Homework 4 Solution - MAD 5305 Graph Theory Spring 2012...

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MAD 5305 Graph Theory, Spring 2012 CRN: 21139 Classes: PHY 109, MWF 10:45-11:35am Assignment 4 – solution Question 1 . (2 points) (a) Describe the breadth first search (BFS) algorithm when applied to a connected graph. (b) Explain how BFS can be used to find the components of a disconnected graph. (c) The time-complexity of BFS when applied to a connected graph with n vertices and m edges is O ( m + n ), where O ( x ) denotes a function f ( x ) satisfying f ( x ) Cx for some constant C > 0 and for all large enough x . Give an explanation of the term time-complexity , and explain why the time-complexity of BFS is O ( m + n ). Solution . (a) Here is a description of BFS using a queue Q (which is a data-structure): The Breadth First Search (BFS) algorithm Input . A connected graph G = ( V, E ), and an initial vertex u V . Output . A BFS tree ( V, E ( T )) with root u so that for every vertex v , the unique path from u to v is a shortest path between u, v in G . 1. (Initialization) E ( T ) := , first := 1, last := 1, Q [ first ] := u . Set visited [ u ] := true , and visited [ v ] := false for all v negationslash = u . 2. (Iteration) while ( first last ) do (that is, while queue is not empty) 3. x := Q [ first ], first := first + 1; 4. for all neighbors y of x do 5. if ( visited [ y ] = false ) then 6. last := last + 1, Q [ last ] := y , add { x, y } to E ( T ), visited [ y ] := true ; 7. end if; 8. end do; 9. end do; (b) Given a disconnected graph, apply BFS to an aribtrarily chosen vertex u , and obtain the set of vertices (from the spanning tree) of the component containing u . Repeat BFS for any un-visited vertex, and obtain (the vertices from) another component. Oviously this process can be repeated until all components are found. (c) The time-complexity of an algorithm is the “number of steps” required by the algorithm in the worst case among a set of instances (inputs) with given parameter(s). For example, in BFS, the set of instances is the set of connected graphs with n vertices and m edges. In order to find the time-complexity of BFS, we see that for each execution of the while loop in line 2, the operations in line 3 are executed once. Thus line 3 is executed n times (since graph is connected, and there are n vertices), and hence at most C n opertations, for some constant C , are incurred by line 3. The for loop in line 4 is executed summationdisplay x V deg( x ) = 2 m times, and each time that the for loop is iterated, a constant number of operations are performed. Thus, the number of steps incurred by the for loop in line 4 is at most C ′′ m for some constant C ′′ . This shows that the total number of operations required by BFS is at most C ( n + m ) for some constant C . In time-complexity, we use O ( m + n ), denoting that the time-complexity of BFS is 1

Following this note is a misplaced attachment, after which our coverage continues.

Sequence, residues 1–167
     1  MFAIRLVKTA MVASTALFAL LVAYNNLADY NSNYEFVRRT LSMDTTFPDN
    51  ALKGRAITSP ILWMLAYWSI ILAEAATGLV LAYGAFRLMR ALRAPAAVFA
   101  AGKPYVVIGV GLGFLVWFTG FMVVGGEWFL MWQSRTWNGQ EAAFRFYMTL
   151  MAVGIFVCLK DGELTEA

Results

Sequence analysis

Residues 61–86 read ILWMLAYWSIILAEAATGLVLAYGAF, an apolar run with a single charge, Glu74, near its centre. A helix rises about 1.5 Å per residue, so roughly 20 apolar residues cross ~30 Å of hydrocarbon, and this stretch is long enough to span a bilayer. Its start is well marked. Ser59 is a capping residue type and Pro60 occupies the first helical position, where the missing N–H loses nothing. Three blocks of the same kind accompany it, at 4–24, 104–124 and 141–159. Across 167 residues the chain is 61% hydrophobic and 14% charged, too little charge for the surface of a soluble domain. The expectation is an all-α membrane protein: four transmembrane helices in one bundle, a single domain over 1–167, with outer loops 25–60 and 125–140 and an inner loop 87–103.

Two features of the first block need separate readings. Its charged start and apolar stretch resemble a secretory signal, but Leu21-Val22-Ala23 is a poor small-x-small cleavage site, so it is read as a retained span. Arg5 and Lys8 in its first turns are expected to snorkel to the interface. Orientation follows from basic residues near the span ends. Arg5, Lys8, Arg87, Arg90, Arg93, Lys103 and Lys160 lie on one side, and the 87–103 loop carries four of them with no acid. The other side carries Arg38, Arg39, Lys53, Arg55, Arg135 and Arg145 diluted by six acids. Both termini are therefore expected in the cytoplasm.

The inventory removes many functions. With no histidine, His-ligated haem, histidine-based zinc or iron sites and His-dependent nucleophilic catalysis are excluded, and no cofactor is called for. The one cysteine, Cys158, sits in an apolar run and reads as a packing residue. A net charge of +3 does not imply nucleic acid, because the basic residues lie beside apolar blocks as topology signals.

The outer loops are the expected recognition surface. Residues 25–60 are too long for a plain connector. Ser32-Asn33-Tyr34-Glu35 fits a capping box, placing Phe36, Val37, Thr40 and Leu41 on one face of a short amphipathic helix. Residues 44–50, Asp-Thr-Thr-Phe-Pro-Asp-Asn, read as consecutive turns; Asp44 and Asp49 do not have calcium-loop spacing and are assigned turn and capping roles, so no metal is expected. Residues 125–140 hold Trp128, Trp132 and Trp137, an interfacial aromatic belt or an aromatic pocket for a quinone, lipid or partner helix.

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linear in m and n (as opposed to square, cubic, exp, or log). (For example, a linear-time algorithm is obviously better than an exponential-time algorithm, and the difference is huge when the problem size is big.)
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